Children clad in tie-dyed shirts and face paint ran around in the rain before a stage with a bluegrass band on a Sunday afternoon.
The event is quintessential Eugene. It’s almost like taking the Saturday Market and putting it in the middle of an arboretum. With many of the same vendors, like Humble Bee Honey and Rose City Totes, the festival celebrates local artisans and food vendors.
One noteworthy booth was the Nature’s Mystery Awareness School. They host camps and workshops to help kids get familiar with nature. Organizer Hosanna White explains that the program’s mission is to offer a valuable community for youth who want a deeper connection with nature.
At a similar booth, the Willamette Resources & Educational Network offered educational resources with similar goals. Their mission statement is “practicing and promoting land stewardship through education, partnerships, and scientific research.” Volunteer Tierra Watkins explained different animal pelts and footprints to onlookers and curious visitors. Watkins got involved with WREN a year ago and loves the feeling of teaching youth about nature.
The festival offered nature walks each hour around the arboretum, the ground still wet from Saturday’s rain, as participants strolled around looking at the newly bloomed flowers. This year also included the 10th annual Art in Nature Trail — “a way to experience art in an outdoor, fully immersive space.” This project puts local artists’ works on display throughout the festival.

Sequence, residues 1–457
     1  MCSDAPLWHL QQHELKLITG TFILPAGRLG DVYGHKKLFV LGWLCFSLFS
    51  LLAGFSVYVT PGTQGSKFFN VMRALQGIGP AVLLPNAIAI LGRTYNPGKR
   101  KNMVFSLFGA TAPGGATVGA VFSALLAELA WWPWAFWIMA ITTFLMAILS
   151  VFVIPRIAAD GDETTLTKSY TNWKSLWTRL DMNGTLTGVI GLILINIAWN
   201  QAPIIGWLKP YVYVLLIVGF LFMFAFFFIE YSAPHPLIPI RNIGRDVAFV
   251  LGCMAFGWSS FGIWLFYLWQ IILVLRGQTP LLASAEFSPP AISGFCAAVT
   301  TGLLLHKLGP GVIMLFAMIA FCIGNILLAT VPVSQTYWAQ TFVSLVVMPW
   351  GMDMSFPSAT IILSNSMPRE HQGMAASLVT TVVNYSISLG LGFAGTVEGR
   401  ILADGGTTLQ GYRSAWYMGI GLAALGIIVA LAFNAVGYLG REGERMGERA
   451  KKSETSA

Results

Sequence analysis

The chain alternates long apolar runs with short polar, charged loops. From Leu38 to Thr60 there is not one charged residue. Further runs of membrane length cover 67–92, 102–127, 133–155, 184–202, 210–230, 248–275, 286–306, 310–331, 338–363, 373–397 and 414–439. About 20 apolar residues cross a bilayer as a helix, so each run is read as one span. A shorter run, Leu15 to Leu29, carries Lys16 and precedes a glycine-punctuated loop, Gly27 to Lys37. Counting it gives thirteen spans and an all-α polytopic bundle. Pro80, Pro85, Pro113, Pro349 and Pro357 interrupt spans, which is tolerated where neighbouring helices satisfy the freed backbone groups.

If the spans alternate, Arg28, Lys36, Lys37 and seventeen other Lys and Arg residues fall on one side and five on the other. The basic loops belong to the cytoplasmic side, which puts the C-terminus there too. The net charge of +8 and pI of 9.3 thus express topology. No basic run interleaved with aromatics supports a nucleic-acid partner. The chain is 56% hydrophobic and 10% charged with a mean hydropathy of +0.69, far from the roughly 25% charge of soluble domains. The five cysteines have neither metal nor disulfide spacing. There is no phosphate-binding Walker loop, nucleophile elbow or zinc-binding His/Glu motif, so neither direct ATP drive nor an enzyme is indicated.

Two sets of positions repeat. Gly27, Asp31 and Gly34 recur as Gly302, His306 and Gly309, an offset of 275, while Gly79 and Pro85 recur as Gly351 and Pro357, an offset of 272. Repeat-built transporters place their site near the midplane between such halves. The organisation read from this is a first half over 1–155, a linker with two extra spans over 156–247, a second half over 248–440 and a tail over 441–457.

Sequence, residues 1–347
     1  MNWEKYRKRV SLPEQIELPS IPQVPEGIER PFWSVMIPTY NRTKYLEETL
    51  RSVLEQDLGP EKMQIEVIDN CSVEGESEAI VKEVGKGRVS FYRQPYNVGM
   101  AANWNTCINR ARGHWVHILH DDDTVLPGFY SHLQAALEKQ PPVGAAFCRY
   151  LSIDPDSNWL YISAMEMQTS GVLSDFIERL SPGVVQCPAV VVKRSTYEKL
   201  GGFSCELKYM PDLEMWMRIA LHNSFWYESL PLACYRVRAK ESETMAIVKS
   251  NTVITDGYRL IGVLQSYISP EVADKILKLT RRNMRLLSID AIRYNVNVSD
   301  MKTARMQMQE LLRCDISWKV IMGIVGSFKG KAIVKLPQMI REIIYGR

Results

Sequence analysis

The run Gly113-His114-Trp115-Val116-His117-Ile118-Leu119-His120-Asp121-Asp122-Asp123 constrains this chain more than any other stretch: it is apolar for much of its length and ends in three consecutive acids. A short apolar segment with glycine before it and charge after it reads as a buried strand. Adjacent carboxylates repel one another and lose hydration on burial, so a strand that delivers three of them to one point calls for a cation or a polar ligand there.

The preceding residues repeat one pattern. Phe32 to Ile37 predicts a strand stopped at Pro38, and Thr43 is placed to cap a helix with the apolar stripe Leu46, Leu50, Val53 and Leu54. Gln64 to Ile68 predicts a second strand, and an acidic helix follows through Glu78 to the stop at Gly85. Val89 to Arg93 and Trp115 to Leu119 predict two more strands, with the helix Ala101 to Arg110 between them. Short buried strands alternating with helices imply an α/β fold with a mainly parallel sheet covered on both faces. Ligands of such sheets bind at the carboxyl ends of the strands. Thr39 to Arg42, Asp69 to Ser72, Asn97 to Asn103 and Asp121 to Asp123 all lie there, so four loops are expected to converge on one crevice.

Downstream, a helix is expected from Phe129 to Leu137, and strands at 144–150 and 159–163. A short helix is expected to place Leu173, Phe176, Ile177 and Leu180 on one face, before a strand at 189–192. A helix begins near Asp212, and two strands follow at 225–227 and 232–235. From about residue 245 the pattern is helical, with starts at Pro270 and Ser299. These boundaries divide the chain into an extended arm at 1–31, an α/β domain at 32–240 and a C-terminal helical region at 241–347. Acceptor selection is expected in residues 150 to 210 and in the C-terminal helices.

Seven bands took the stage in the middle of the festival. The Wildflowers Bluegrass Band, Moonlight Jubilee, Baroque Betty, Halie & The Moon, Satori Bob, The Slow Ponies and Mood Area 52 played music from 10 a.m. until 5 p.m., exploring everything from folk to bluegrass with horns, guitars, cellos and violins.
In the White Oak Pavillion, visitors could explore hundreds of wildflowers and other plants, learning about their origins and getting closer looks. Volunteers walked around answering questions about different flora and fauna — including a microscope examining a Bombus Vosnesenskii, more commonly known as a yellow-faced bumblebee.
In the Kids Booth, a large cardboard box labeled “The Supreme Human-Powered Organic Fruit-O-Matic 3000” dispensed fruit through flaps in the box delivered by tiny hands. Other activities included microscopes, face painting and nature crafts.
The festival has been happening annually for 40 years. Powered by volunteers, it gives the community a way to celebrate spring and nature in one of the gems of Eugene. While celebrating local art, artisans and educational opportunities, this event can be enjoyed by people of all ages.